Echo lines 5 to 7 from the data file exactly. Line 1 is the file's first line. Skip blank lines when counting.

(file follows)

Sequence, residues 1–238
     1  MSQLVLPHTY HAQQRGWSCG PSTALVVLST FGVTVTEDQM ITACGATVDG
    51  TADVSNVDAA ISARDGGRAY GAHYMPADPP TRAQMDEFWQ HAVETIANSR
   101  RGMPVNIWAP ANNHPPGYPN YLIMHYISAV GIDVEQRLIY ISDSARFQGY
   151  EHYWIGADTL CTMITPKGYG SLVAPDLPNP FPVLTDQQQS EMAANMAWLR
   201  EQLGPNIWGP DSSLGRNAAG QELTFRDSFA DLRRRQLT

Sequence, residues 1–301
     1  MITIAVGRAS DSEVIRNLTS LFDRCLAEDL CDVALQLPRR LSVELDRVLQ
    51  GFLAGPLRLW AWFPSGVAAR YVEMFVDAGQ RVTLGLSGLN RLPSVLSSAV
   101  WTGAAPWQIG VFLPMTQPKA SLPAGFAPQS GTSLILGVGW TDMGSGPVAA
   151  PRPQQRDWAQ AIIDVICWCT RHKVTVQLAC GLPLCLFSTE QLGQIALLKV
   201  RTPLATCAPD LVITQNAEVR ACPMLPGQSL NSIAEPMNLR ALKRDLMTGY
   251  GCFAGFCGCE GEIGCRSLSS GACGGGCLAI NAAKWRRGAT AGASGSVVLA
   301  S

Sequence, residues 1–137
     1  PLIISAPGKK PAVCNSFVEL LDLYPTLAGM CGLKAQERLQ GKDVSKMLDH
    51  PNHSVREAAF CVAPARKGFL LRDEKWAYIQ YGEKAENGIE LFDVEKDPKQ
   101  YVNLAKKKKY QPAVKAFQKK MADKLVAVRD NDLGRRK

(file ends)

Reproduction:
   151  EHYWIGADTL CTMITPKGYG SLVAPDLPNP FPVLTDQQQS EMAANMAWLR
   201  EQLGPNIWGP DSSLGRNAAG QELTFRDSFA DLRRRQLT

Sequence, residues 1–301